Cleansing with oil is a concept that scares a lot of people — it can sound counterintuitive if you're dealing with oily skin prone to breakouts. According to The Oil Cleansing Method, “The basic concept of [oil cleansing] is that the oil used to massage your skin will dissolve the oil that has hardened with impurities and found itself stuck in your pores."

Even Acne.org believes in oil cleansing:

“Fact: Oil dissolves oil. The best way to dissolve a non-polar solvent like sebum/oil, is by using another non-polar solvent similar in composition: Other oils. By using the right oils, you can cleanse your pores of dirt and bacteria naturally, gently and effectively, while replacing the dirty oil with beneficial ones extracted from natural botanicals, vegetables and fruit that heal, protect and nourish your skin. When done properly and consistently, [oil cleansing] can clear the skin from issues like oily skin, dry skin, sensitive skin, blackheads, whiteheads and other problems caused by mild to moderate acne — while leaving your skin healthy, balanced and properly moisturized.”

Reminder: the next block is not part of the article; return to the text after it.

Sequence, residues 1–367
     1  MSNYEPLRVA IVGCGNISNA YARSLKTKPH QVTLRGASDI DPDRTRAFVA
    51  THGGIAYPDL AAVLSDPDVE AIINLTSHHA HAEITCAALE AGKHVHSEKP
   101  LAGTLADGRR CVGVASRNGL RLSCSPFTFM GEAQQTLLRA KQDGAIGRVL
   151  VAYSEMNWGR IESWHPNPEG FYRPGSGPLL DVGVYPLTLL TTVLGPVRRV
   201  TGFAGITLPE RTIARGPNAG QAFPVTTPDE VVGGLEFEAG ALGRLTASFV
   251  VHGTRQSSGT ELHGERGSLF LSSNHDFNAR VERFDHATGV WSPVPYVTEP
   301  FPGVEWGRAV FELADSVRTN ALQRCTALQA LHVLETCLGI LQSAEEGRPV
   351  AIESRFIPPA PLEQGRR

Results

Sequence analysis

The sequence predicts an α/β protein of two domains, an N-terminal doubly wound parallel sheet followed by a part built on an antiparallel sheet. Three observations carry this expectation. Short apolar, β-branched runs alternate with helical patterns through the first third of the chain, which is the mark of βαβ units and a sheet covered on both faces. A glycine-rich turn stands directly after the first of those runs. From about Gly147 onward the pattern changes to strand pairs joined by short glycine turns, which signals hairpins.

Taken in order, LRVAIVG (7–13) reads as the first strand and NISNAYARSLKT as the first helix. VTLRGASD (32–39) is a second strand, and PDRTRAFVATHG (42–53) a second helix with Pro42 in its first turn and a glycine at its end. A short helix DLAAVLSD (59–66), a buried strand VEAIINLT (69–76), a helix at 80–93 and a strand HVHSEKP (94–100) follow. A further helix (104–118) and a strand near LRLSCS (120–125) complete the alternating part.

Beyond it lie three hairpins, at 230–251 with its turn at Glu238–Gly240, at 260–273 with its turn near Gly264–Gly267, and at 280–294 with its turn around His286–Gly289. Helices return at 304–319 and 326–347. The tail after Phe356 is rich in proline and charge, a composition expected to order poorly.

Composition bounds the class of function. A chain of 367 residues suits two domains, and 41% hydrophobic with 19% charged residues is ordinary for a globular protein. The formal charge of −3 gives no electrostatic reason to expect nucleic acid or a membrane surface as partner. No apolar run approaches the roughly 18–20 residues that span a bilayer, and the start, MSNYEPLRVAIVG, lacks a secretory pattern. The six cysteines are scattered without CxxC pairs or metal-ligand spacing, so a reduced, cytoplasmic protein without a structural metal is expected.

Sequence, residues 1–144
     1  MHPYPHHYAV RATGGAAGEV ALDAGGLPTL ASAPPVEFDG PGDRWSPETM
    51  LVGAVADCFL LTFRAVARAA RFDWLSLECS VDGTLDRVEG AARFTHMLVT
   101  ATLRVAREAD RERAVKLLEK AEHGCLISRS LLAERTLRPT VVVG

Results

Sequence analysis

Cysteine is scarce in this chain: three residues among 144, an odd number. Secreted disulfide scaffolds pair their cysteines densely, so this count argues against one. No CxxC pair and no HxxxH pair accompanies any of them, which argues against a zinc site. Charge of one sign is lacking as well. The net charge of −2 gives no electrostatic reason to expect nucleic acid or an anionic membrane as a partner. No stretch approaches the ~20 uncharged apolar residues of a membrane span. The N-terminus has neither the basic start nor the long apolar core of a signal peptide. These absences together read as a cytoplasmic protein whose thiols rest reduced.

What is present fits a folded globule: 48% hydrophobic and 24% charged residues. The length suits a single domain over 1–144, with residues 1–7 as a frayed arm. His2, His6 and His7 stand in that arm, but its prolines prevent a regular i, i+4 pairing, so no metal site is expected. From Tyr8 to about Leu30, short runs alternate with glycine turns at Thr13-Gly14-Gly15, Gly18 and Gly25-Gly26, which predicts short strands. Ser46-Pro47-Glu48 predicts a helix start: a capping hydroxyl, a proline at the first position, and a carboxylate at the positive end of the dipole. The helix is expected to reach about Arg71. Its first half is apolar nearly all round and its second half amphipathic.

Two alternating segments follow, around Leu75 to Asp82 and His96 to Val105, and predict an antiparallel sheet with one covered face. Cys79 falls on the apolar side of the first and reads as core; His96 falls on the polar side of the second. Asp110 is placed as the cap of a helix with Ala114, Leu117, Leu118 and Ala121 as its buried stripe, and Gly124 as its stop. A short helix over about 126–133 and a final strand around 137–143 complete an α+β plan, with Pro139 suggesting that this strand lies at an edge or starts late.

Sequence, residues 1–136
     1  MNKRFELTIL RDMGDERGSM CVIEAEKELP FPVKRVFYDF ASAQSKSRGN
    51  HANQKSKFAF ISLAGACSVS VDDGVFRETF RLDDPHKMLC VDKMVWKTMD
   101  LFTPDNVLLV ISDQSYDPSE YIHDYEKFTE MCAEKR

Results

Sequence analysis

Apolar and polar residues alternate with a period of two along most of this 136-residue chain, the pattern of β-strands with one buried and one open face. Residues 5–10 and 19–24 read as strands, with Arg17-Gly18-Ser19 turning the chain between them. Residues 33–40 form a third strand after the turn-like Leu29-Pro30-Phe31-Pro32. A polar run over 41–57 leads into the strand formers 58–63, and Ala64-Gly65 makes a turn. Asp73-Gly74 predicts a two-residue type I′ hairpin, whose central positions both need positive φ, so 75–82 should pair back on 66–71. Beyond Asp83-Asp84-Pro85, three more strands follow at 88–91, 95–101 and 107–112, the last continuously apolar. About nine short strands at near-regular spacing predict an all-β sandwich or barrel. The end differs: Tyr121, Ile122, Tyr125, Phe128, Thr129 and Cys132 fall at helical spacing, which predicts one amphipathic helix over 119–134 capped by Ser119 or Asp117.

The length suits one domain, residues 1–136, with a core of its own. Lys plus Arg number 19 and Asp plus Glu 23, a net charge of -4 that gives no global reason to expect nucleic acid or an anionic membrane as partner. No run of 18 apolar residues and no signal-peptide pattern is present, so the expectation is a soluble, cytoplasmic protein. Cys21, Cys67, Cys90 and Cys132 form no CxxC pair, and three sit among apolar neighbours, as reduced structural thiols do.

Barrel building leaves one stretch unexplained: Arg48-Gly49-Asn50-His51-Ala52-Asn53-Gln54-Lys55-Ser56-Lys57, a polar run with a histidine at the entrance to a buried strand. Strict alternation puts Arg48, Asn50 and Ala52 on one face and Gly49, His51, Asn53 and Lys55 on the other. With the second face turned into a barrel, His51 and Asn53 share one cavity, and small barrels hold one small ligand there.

Luxe de Mer's Deep Cleansing Oil Face Wash has five ingredients, all of which I definitely want on my face: Organic Sweet Almond Oil, Organic Jojoba Oil, Organic Castor Oil, Vitamin E T-50 (as a nutrient-rich and truly natural preservative), Organic Peppermint Oil.

From Luxe de Mer's product site: 

We choose cold pressed oils so as to retain all the nutrients. When applied to your skin, you can think of it as a vitamin, filled with bountiful nutrients that every body needs. All our carrier oils and ingredients are organic with exception of Pure Cane Sugar and Dead Sea Salt. 

And they have a line dedicated solely to...

Gentelmen's skincare

Madeline Nutrition Skincare — Luxe de Mer Gentlemen

Their Face & Body Wash for Him is created using all organic vegetable oils that gently clean the skin without any added dyes, chemicals or fragrances that most men's face and body cleansers contain. It is high in antiseptic and disinfectant properties, AND it's a 2-for-1 cleanser! — perfect for the most manly of men. My husband's been using it this month and he smells so delightful I just want to kiss every inch of his face.